Health / Wednesday, 31 May, 2017

Many heart attack patients prescribed beta-blockers may not benefit

Marlous Hall, University of Leeds

People who have had a heart attack are prescribed a number of drugs, often for life. Our latest research shows that one of those drugs – a beta-blocker – may offer no survival benefit to heart attack patients who do not have heart failure.

This may not seem important, but research shows that the more drugs a person is prescribed, the less likely they are to take them. And this includes the important pills, such as statins and aspirin, which really could save a person’s life. What’s more, drugs have side effects, which, for beta-blockers, may include dizziness, tiredness, blurred vision and nausea.

Beta-blockers were invented in the 1960s, a time when deaths from heart attacks were very common. Scientists knew that stress (through increased adrenaline) could trigger a heart attack. This led to the development of the drug which works by blocking the effects of adrenaline and lowers the heart rate and blood pressure. Nowadays, beta-blockers are often prescribed as part of routine heart attack care.

How heart attacks and heart failure differ

A heart attack occurs when there is a loss of blood flow to part of the heart, causing the heart muscle to be damaged. Heart failure, on the other hand, occurs when the heart is unable to effectively pump blood through the body due to weakened heart muscles. One of the most common reasons for heart failure is a previous heart attack.

Earlier evidence showed that beta-blockers can increase a person’s lifespan after a heart attack. But this evidence predates other advances in heart attack treatment. These advances include the introduction of operations such as angiograms, stents and bypass grafts. The use of these operations has led to significant improvements in survival following a heart attack.

Although more modern evidence from clinical trials about the use of beta-blockers exists, the evidence is focused on heart attack patients who also have heart failure. So doctors are unsure about the use of beta-blockers for heart attack patients who do not also have heart failure. This uncertainty is reflected by various national treatment guidelines which differ in their recommendation for the use of beta-blockers.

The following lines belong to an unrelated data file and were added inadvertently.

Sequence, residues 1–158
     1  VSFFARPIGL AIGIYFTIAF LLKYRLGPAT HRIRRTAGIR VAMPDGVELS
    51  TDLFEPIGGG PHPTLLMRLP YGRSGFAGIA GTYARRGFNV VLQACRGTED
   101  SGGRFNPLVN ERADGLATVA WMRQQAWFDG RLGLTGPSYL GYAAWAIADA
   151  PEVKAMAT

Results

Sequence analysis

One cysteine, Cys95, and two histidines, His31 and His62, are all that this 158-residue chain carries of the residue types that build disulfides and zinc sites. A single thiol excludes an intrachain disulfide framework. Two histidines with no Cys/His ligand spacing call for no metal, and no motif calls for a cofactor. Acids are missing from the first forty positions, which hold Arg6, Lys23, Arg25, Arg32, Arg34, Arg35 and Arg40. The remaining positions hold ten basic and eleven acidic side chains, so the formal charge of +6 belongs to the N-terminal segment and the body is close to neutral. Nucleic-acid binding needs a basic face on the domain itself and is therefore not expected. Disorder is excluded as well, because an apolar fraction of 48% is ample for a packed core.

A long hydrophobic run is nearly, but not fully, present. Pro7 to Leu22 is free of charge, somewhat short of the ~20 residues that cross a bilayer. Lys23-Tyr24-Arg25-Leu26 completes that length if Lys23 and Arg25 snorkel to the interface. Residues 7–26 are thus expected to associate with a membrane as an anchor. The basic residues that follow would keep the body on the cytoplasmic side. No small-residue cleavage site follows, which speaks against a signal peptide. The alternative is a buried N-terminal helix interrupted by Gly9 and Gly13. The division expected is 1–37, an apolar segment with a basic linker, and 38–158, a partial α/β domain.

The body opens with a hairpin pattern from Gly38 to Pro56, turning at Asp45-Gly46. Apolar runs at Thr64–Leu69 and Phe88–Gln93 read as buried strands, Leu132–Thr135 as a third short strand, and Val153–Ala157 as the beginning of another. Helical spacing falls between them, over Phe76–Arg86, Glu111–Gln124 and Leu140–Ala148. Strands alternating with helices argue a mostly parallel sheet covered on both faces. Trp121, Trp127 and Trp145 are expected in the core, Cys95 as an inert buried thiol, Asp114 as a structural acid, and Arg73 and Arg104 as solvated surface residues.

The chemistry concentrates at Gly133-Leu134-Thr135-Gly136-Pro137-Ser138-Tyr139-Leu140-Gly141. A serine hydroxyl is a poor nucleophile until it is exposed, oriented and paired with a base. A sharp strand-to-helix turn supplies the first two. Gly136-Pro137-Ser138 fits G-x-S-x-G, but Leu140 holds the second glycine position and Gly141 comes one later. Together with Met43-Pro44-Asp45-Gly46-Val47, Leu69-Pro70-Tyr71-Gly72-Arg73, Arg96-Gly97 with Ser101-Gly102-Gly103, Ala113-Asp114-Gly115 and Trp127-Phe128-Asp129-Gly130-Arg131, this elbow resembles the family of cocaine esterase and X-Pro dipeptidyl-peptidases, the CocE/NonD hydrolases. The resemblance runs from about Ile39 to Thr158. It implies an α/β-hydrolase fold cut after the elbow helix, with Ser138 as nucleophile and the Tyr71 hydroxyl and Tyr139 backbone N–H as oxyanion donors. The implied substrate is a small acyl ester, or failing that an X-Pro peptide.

Better than an observational study

Due to the availability of national clinical data on heart attacks in the UK, we were able to assess the effectiveness of beta-blockers in heart attack patients who did not have heart failure. Importantly, we were able to assess the effectiveness of beta-blockers in a modern treatment era at relatively low cost and in a timely manner compared with a clinical trial.

We used two methods to analyse the data – propensity score analyses and instrumental variable analyses – which allowed us to take into consideration the differences between patients who received beta-blockers and those who did not, such as their age, sex, type of heart attack and any other medications and treatments they received. The methods also allowed us to mimic the random treatment allocation of a clinical trial to get results that are more robust than a conventional observational study.

Beta-blockers: prescribe with care. Shutterstock/roger ashford

We found that, for nearly 180,000 patients with a heart attack who did not have heart failure, 95% of patients were prescribed beta-blockers when they left hospital. But there was no survival benefit for these patients.

This study now raises questions over whether patients who do not have heart failure should continue to be routinely prescribed beta-blockers following their heart attack.

The ConversationAlthough we provide strong evidence that beta-blockers may not improve survival following a heart attack for patients without heart failure, modern clinical trials are still needed to confirm the findings and provide conclusive evidence to change treatment guidelines. This work has the potential to save patients from being overtreated while also saving them money on the cost of prescriptions.

Marlous Hall, Senior Epidemiologist, University of Leeds

This article was originally published on The Conversation. Read the original article.